It is also known to provide assemblies for manually separating the plasma or serum phase from the cellular phase, for example, as disclosed in US. Pat. Nos. 3,586,064; 3,661,265; 3,355,098; 3,481,477; 3,512,940 and 3,693,804. In all of these devices the serum is collected in a blood collection container and means are provided for separating the plasma or serum phase from the cellular phase employing filter, valves, transfer tubes or the like.

It is also known to provide assemblies for the sealed separation of blood in which a piston is actuated by centrifugal force such as is disclosed in US. Pat. Nos. 3,508,653 and 3,779,383. These devices use either a distortable piston made of a resilient material or valve means associated with the piston to affect a sealed separation after centrifugation.

SUMMARY OF THE INVENTION It is an object of the present invention to provide a plasma/serum separator assembly in which a barrier formed of elastomeric material has means for retaining the barrier iin a deformed condition prior to separating the blood collected in the assembly and in which said deformable means is capable of returning the barrier to its normal configuration to seal the barrier in the container at the plasma/serum-cellular interface.

It is another object of the invention to provide a barrier in a deformed condition to provide a path around the barrier to permit passage of the plasma/serum phase to pass therearound while the cellular phase passes downwardly in the collection container and the deformed barrier has means to return toward its normal configuration and thereby seal the barrier in the container at the plasma/serum-cellular interface.

It is another object of the invention to provide a serum plasma separator assembly which is economical to manufacture and can be used in conjunction with standard blood collecting equipment.

My invention generally contemplates the provision of a separator blood assembly having a blood collection container for receiving blood, the container having at least one open end which is adapted to receive a closure for sealing the end of the container. A barrier having an average specific gravity heavier than the serum/- plasma or light phase of the blood but lighter than its cellular or heavy phase; the barrier outer wall being formed of an elastomeric material and having means for retaining the barrier in a deformed condition prior to separating the blood into its component phases; and said deformable means being capable of returning the barrier toward its normal configuration to seal the barrier in the container at the plasma/serum cellular interface.

DESCRIPTION OF THE DRAWINGS For a better understanding of the invention, reference is had to the drawings which illustrate the preferred embodiments of the invention herein.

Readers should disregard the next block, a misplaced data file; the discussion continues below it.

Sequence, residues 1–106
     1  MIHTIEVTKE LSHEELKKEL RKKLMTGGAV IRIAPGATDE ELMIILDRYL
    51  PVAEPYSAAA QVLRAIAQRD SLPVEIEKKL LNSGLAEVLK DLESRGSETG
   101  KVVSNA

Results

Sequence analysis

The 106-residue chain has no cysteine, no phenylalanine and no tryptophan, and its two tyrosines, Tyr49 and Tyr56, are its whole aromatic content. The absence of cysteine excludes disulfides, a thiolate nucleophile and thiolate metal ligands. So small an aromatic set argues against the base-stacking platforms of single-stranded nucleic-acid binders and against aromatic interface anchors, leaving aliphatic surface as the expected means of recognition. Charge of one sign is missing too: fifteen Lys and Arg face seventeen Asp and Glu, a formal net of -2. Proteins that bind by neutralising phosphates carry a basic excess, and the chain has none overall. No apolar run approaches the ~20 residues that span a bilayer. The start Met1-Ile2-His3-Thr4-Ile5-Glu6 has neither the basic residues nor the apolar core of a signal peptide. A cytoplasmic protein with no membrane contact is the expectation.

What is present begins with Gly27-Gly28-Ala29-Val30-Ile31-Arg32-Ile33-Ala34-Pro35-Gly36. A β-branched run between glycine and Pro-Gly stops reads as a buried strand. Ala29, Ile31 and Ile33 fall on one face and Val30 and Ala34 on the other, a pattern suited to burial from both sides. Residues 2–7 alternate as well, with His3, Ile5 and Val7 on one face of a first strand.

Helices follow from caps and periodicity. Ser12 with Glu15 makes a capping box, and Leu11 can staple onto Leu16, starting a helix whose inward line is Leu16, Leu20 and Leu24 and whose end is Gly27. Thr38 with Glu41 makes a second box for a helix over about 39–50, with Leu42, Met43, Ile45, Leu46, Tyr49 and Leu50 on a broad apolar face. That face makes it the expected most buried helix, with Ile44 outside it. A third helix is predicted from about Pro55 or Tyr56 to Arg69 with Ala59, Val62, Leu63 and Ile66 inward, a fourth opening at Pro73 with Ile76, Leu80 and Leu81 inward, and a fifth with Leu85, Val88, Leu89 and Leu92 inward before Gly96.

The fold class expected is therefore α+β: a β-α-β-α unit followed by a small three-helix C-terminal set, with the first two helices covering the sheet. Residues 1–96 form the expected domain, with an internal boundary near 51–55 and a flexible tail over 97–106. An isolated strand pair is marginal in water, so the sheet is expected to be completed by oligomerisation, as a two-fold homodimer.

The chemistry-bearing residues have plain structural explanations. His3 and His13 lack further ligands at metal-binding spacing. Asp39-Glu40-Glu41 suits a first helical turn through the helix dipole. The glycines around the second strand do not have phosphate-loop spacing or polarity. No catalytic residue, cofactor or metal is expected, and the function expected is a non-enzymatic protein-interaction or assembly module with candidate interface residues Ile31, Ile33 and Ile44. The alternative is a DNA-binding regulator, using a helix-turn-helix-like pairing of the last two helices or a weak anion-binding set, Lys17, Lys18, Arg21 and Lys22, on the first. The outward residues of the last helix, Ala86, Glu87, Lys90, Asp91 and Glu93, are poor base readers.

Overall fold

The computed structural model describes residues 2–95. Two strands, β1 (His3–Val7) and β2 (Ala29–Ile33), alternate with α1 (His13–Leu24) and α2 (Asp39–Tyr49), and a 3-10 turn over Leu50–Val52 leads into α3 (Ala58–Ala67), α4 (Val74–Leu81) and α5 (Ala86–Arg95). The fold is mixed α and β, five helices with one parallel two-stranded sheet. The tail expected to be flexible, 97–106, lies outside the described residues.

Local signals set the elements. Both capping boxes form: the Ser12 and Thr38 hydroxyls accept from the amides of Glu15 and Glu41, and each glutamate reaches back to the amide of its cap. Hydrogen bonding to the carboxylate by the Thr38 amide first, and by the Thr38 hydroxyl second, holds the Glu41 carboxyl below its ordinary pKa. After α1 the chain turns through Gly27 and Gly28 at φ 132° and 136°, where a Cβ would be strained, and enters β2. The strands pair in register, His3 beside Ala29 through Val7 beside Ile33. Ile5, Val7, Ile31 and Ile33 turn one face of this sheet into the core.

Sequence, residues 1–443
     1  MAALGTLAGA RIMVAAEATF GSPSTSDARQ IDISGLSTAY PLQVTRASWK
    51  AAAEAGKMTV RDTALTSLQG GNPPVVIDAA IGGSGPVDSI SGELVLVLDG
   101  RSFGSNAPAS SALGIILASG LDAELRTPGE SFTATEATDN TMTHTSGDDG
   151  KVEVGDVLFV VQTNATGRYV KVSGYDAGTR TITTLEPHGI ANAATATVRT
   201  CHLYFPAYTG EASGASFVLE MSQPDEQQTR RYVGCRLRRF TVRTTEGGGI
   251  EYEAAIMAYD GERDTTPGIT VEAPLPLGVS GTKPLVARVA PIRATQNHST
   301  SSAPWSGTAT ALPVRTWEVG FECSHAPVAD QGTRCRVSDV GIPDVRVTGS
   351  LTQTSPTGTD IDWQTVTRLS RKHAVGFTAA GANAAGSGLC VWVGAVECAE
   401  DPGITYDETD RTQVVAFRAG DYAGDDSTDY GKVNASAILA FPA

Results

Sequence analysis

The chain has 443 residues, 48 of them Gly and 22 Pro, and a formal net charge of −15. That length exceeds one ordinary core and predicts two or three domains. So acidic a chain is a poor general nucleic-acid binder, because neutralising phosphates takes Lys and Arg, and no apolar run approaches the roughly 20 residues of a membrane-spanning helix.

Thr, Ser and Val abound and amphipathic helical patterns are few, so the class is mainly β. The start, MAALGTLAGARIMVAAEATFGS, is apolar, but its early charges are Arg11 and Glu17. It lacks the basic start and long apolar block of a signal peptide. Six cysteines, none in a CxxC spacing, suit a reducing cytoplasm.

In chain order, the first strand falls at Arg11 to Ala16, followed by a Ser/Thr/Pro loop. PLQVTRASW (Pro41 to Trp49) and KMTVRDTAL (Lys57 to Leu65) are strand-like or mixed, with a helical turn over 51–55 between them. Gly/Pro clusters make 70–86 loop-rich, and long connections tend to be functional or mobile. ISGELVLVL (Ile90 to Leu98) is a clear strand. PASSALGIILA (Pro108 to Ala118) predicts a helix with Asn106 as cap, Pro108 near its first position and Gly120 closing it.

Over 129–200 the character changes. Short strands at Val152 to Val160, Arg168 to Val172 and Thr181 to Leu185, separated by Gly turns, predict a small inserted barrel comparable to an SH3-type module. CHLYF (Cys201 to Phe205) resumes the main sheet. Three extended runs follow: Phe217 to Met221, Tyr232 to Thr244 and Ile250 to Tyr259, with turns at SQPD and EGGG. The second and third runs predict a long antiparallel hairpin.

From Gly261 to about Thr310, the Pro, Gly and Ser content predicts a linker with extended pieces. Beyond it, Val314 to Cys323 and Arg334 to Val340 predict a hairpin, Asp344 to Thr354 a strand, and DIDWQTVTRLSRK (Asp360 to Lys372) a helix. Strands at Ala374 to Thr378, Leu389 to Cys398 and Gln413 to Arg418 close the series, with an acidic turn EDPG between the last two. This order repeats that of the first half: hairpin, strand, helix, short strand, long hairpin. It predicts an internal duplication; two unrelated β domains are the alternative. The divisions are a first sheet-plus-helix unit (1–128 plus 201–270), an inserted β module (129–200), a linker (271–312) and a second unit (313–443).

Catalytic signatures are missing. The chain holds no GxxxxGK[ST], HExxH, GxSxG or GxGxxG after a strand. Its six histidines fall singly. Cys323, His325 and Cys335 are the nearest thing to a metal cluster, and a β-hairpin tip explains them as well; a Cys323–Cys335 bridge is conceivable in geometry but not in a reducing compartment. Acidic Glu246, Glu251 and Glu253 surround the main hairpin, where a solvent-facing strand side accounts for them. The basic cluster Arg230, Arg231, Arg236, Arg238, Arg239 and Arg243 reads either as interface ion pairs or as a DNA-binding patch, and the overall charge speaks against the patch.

FIG. I is a sectional, elevational view of the plasma serum separator assembly illustrating a pointed cannula penetrating one of the stoppered ends of the container through which blood is introduced into the container prior to separation of the blood into its light and heavy phases.

FIG. 2 is a sectional, elevational view after the cannula has been removed and the blood sample has been collected and the assembly centrifuged but prior to sealing the assembly at the plasma/5e rum-cellular interface.

FIG. 3 is a sectional, elevational view similar to the view of FIG. 2, however, the barrier is illustrated returned to its normal configuration so as to seal the barrier in the container at the plasma/serum-cellular interface.

FIG. 4 is a sectional, elevational view of the assembly in which the container has a modified configuration so as to deform the barrier prior to its use and prior to the collection of blood through the cannula in the stoppered end.

FIG. 5 is a sectional, elevational view of the assembly after the blood has been centrifuged but prior to sealing of the container.

FIG. 6 is a sectional, elevational view of the assembly after the barrier has returned toward its normal configuration to seal the barrier in the container at the plasma/serum-cellular interface.

DESCRIPTION OF THE PREFERRED EMBODIMENTS For a better understanding of the invention, description and drawings of the illustrative embodiments are provided here with particular reference to FIGS. 1 through 3.

In FIG. I separator assembly I0 comprises a tubular member or container 12 which is sealed at its open ends by closure members 14 and 15. Closure members 14 and 15 are preferably made of elastomeric material, for example, rubber which is capable of being penetrated by a cannula 17 so that blood can be transferred from a blood source into the container under aseptic conditions. The closures 14 and 15 should be selfsealing so that when the cannula is removed from closure I4 there will be no loss of blood passing through the penetration portion of closure 14, as illustrated in FIG. 1.